Related topics: catalyst ยท fuel cell

Double-layered catalyst generates more hydrogen

Hydrogen-generating catalysts can create synergistic effects when different materials are layered with their unique properties. Recently, a Korean research team has developed a technology to enhance the hydrogen generation ...

A unique catalyst paves the way for plastic upcycling

A recently developed catalyst for breaking down plastics continues to advance plastic upcycling processes. In 2020, a team of researchers led by Ames Laboratory scientists developed the first processive inorganic catalyst ...

New understanding of key fuel cell catalyst

Research between the University of Liverpool and University of Alicante Spain, has identified the surface species at low potentials on the leading fuel cell catalyst, platinum (Pt), which is significant to the development ...

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Platinum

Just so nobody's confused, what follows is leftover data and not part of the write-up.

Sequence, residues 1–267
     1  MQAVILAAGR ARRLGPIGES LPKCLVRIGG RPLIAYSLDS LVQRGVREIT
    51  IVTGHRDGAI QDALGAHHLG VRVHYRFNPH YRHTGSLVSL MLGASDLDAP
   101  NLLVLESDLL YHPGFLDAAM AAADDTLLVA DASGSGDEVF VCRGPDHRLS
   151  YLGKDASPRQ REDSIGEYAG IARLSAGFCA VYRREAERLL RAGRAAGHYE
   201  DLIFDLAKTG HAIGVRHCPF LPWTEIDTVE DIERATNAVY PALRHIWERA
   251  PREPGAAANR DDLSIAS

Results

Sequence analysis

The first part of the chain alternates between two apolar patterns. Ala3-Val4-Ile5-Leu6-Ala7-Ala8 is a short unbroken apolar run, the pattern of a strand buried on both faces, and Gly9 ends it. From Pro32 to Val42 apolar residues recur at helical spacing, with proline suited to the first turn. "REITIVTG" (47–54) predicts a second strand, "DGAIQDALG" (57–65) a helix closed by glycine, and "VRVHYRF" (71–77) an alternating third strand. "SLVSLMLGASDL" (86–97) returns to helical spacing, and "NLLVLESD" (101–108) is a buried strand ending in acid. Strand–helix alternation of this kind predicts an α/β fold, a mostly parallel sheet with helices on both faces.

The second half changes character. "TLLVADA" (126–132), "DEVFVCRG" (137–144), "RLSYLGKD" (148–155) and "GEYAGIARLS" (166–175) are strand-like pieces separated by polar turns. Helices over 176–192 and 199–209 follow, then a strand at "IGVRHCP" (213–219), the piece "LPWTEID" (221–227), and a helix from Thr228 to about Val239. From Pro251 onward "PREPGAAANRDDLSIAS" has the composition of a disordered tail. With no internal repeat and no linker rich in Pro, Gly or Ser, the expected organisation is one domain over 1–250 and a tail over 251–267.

Platinum (pronounced /ˈplætɨnəm/) is a chemical element with the chemical symbol Pt and an atomic number of 78. Its name is derived from the Spanish term platina del Pinto, which is literally translated into "little silver of the Pinto River." It is in Group 10 of the periodic table of elements. A dense, malleable, ductile, precious, gray-white transition metal, platinum is resistant to corrosion and occurs in some nickel and copper ores along with some native deposits. Platinum is used in jewelry, laboratory equipment, electrical contacts and electrodes, platinum resistance thermometers, dentistry equipment, and catalytic converters. Platinum bullion has the ISO currency code of XPT. Platinum is a commodity with a value that fluctuates according to market forces. On June 5, 2009, Platinum was worth $1263.00 per troy ounce (approximately $40.09 per gram).

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